Thankfully he agreed, and after many late nights getting to grips with the word processor, and focusing on making myself indispensable, we became a formidable team. He trusted me and gave me the freedom to learn; he listened to my ideas and let me implement them when he thought they would work; he made me fix my mistakes so that I’d know better the next time round. By age 25, my work experience included strategy, project management, event management, finance, tv production, creative development, and PR. It was worth more than any university degree.

The most important thing Al taught me was to embrace change and not let bravado get in the way of betterment. He made me realize I was capable of delivering far beyond my own expectations of myself. He knew I could do things that I doubted within myself. And he was my greatest supporter when I decided I was going to be a single mother. Thanks Al!

Ok thank you for all that. Now let’s move to the main focus of our interview. We all know that it’s important to eat more vegetables, eat less sugar, exercise more, and get better sleep etc. But while we know it intellectually, it’s often difficult to put it into practice and make it a part of our daily habits. In your opinion what are the 3 main blockages that prevent us from taking the information that we all know, and integrating it into our lives?

Motivation: Knowing your “why” is key to success. And to make real change, it needs to be big enough and important enough to get you to commit to change every single day. Your “why” should be personal — a real goal — whether for health reasons or preparing for an exciting adventure in the months ahead.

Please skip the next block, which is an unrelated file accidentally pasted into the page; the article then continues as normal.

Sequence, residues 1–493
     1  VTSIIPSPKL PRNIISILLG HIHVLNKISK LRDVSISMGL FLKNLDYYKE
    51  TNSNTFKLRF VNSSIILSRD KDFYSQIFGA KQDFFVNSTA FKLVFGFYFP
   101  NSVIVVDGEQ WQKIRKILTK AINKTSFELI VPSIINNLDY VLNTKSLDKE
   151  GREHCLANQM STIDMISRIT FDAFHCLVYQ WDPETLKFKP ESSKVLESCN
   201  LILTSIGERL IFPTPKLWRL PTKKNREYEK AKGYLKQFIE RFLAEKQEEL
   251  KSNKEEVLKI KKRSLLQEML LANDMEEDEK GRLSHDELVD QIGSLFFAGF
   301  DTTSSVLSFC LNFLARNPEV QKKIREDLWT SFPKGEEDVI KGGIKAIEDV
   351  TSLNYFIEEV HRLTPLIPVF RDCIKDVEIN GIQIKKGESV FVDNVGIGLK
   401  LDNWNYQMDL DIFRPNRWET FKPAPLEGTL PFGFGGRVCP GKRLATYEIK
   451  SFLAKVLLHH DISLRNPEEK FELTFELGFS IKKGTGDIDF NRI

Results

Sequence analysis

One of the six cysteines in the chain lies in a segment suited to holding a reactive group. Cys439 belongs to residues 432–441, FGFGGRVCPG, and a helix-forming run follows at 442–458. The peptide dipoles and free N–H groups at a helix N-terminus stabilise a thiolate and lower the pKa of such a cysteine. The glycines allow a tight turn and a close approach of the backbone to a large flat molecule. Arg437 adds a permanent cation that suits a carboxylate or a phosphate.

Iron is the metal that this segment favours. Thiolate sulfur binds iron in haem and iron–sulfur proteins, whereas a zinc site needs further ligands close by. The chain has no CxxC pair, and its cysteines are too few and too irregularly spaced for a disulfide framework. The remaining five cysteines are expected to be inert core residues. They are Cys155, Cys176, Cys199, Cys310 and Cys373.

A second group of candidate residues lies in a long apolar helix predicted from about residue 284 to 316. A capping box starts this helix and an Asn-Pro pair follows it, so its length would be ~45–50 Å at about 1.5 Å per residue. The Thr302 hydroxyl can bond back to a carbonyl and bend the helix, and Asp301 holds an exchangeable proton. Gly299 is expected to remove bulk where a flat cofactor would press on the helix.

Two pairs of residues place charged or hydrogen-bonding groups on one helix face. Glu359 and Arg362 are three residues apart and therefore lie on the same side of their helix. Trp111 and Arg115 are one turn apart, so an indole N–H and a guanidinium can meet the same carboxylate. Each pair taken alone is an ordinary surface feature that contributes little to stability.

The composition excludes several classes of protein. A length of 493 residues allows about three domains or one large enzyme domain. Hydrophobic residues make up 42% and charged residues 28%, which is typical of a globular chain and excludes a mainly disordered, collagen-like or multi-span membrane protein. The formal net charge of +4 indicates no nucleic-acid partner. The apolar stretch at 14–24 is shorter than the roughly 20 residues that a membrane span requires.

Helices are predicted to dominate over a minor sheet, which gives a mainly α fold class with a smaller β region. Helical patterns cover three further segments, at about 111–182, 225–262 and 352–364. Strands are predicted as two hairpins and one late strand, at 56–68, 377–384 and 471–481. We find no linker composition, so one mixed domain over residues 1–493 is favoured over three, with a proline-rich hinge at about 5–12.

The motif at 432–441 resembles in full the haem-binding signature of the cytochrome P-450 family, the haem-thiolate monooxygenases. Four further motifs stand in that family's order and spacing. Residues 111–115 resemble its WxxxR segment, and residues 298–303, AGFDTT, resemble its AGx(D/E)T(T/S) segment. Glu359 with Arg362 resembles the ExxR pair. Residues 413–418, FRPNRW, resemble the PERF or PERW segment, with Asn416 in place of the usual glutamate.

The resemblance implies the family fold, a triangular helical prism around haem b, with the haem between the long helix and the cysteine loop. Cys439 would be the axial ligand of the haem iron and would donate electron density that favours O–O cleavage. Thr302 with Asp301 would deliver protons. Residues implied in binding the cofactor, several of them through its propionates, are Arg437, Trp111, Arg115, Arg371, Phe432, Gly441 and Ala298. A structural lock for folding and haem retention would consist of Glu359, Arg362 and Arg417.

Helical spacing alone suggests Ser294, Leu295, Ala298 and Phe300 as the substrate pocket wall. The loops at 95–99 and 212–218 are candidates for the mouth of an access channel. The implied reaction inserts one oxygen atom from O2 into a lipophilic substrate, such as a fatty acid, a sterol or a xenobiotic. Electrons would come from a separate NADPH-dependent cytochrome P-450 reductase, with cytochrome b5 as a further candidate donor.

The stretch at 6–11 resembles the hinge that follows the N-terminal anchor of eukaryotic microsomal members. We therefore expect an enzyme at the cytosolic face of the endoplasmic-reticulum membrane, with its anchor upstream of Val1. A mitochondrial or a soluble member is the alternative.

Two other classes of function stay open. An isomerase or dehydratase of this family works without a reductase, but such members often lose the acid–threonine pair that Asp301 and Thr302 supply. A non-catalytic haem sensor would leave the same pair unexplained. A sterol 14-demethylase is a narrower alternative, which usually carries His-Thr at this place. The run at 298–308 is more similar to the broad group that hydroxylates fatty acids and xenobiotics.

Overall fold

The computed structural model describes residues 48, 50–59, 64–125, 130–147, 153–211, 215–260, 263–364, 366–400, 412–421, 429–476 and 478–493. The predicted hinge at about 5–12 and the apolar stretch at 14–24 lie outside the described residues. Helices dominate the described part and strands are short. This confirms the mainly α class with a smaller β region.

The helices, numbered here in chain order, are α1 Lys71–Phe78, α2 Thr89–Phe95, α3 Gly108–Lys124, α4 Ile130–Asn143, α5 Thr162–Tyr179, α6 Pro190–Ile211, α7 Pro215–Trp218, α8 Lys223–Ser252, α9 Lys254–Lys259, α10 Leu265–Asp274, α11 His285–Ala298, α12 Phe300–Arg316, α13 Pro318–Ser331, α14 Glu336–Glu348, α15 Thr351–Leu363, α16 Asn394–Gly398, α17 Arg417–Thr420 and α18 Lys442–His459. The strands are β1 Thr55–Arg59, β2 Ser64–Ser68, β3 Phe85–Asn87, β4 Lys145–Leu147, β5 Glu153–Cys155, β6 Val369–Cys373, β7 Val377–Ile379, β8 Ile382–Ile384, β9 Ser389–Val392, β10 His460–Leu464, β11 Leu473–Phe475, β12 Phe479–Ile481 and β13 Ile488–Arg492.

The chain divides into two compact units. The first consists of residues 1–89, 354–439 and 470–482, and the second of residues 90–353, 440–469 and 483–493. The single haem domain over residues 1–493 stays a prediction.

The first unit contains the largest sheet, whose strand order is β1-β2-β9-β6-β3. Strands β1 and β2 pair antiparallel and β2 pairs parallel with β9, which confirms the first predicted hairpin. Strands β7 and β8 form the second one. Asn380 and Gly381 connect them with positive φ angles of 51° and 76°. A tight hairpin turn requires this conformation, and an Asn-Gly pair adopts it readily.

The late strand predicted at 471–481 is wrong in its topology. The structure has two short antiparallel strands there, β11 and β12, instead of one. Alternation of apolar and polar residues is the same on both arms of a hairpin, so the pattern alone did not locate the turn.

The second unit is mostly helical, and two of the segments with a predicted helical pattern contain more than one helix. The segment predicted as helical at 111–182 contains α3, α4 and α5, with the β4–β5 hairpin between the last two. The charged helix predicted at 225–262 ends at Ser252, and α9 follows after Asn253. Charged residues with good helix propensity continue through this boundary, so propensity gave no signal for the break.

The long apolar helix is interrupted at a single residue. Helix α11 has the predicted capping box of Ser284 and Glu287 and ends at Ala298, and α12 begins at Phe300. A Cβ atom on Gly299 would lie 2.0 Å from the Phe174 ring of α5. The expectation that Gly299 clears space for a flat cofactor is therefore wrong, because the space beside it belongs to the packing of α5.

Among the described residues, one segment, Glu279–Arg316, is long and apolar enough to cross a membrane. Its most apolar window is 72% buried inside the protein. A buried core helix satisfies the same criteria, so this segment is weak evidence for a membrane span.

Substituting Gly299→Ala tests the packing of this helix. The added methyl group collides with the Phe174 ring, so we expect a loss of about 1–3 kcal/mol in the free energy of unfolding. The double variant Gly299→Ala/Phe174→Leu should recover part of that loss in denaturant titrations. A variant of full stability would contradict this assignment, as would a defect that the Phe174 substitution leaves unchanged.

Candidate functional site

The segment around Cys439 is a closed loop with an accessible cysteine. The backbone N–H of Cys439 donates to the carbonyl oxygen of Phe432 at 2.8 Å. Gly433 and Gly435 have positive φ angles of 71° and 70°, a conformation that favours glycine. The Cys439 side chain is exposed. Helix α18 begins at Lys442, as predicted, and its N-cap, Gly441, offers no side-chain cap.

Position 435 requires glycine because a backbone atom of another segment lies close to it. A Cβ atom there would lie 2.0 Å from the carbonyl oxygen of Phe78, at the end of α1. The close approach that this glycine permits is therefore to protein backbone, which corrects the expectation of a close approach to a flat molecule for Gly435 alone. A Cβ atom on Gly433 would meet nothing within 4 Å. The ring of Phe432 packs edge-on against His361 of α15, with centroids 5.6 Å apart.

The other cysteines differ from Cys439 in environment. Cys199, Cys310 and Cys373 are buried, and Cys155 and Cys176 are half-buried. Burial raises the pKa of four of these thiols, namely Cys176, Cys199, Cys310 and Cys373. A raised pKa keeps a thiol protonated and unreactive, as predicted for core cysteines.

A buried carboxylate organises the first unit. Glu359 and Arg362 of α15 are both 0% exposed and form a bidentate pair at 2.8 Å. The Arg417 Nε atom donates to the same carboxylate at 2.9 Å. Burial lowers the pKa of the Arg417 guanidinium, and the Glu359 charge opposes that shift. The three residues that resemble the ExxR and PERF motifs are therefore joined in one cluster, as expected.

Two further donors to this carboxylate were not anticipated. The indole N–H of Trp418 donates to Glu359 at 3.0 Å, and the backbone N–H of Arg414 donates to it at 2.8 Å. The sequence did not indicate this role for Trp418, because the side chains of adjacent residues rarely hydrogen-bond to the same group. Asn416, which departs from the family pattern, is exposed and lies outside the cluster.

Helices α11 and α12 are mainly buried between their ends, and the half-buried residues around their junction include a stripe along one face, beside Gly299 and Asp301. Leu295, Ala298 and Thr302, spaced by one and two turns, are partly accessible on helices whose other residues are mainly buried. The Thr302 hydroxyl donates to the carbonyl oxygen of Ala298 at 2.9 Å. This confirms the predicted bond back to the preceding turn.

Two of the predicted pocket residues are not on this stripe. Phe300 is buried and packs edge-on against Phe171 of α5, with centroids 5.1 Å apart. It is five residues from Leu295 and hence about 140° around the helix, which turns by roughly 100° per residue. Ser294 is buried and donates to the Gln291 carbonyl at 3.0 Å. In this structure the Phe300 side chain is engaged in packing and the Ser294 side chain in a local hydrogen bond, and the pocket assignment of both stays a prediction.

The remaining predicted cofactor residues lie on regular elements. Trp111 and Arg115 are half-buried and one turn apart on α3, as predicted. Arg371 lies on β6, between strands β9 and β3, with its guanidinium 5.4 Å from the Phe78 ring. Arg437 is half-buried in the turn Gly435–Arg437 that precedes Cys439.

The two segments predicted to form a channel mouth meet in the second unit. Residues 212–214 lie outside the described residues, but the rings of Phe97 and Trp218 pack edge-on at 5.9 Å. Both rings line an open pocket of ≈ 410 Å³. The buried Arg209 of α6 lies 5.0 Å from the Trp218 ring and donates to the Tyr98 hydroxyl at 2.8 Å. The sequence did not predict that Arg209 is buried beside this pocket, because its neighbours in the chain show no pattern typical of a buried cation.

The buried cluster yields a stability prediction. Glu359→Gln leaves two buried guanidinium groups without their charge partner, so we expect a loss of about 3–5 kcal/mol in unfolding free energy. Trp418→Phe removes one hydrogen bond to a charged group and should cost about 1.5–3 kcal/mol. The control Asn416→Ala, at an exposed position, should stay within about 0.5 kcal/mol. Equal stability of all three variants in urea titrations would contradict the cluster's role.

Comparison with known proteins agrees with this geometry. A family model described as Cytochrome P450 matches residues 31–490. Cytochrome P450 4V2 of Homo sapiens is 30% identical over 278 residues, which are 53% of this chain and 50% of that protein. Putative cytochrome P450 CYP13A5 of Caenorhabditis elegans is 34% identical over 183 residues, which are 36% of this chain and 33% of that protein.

Discipline: Jim Rohn says that “discipline is the bridge between goals and accomplishment.” We know it takes 21 days to six weeks to make a lasting change. Lay out your plan for six weeks and then stick to it. Don’t skip a workout session; don’t eat outside of your plan; say no to social engagements that you know will tempt you to get off track; record your success every day as a reminder that you do have self-discipline. And if you do slip, don’t give in or beat yourself up — just get straight back on track.

Time: Some days I’m so busy and under pressure that I find it difficult to find time to go to the loo, never mind an hour or more to exercise or cook a healthy meal. Carving time out for yourself is hard — and often feels selfish. It’s critical to remember that making our health a priority serves not only ourselves, but those around us as well. It’s not selfish — it’s essential.

Can you please share your “5 Non-Intuitive Lifestyle Tweaks That Will Dramatically Improve One’s Wellbeing”? (Please share a story or an example for each, and feel free to share ideas for mental, emotional and physical health.)

  1. Be kind to yourself. Don’t beat yourself up for slipping up, or not achieving all your day’s / week’s goals. Being kind to yourself also means making healthy choices, both physically and emotionally.